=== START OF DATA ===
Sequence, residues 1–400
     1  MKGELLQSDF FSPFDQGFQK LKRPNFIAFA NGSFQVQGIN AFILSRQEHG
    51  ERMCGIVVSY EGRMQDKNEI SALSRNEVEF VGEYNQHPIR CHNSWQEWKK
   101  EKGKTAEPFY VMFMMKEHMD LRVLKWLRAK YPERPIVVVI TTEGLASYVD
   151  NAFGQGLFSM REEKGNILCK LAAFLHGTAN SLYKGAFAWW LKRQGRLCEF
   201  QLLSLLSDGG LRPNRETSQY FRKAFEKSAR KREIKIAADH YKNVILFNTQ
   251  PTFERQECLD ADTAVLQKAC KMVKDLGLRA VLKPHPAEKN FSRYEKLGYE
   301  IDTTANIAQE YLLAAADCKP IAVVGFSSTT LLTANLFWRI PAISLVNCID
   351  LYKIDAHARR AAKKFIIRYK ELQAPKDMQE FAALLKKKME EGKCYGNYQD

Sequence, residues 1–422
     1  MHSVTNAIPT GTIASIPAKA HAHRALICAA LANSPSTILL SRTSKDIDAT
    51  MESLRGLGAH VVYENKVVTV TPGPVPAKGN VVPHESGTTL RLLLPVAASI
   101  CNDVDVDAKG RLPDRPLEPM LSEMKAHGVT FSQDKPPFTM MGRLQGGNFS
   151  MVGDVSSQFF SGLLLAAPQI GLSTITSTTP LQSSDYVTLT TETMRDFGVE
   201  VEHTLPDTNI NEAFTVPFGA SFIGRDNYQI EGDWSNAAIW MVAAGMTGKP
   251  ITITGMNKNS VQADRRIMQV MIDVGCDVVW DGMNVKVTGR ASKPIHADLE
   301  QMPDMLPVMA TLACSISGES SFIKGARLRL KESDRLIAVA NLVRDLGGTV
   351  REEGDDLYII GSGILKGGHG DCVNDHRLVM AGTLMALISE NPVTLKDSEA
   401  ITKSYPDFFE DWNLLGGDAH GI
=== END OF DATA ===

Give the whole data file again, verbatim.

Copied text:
Sequence, residues 1–400
     1  MKGELLQSDF FSPFDQGFQK LKRPNFIAFA NGSFQVQGIN AFILSRQEHG
    51  ERMCGIVVSY EGRMQDKNEI SALSRNEVEF VGEYNQHPIR CHNSWQEWKK
   101  EKGKTAEPFY VMFMMKEHMD LRVLKWLRAK YPERPIVVVI TTEGLASYVD
   151  NAFGQGLFSM REEKGNILCK LAAFLHGTAN SLYKGAFAWW LKRQGRLCEF
   201  QLLSLLSDGG LRPNRETSQY FRKAFEKSAR KREIKIAADH YKNVILFNTQ
   251  PTFERQECLD ADTAVLQKAC KMVKDLGLRA VLKPHPAEKN FSRYEKLGYE
   301  IDTTANIAQE YLLAAADCKP IAVVGFSSTT LLTANLFWRI PAISLVNCID
   351  LYKIDAHARR AAKKFIIRYK ELQAPKDMQE FAALLKKKME EGKCYGNYQD

Sequence, residues 1–422
     1  MHSVTNAIPT GTIASIPAKA HAHRALICAA LANSPSTILL SRTSKDIDAT
    51  MESLRGLGAH VVYENKVVTV TPGPVPAKGN VVPHESGTTL RLLLPVAASI
   101  CNDVDVDAKG RLPDRPLEPM LSEMKAHGVT FSQDKPPFTM MGRLQGGNFS
   151  MVGDVSSQFF SGLLLAAPQI GLSTITSTTP LQSSDYVTLT TETMRDFGVE
   201  VEHTLPDTNI NEAFTVPFGA SFIGRDNYQI EGDWSNAAIW MVAAGMTGKP
   251  ITITGMNKNS VQADRRIMQV MIDVGCDVVW DGMNVKVTGR ASKPIHADLE
   301  QMPDMLPVMA TLACSISGES SFIKGARLRL KESDRLIAVA NLVRDLGGTV
   351  REEGDDLYII GSGILKGGHG DCVNDHRLVM AGTLMALISE NPVTLKDSEA
   401  ITKSYPDFFE DWNLLGGDAH GI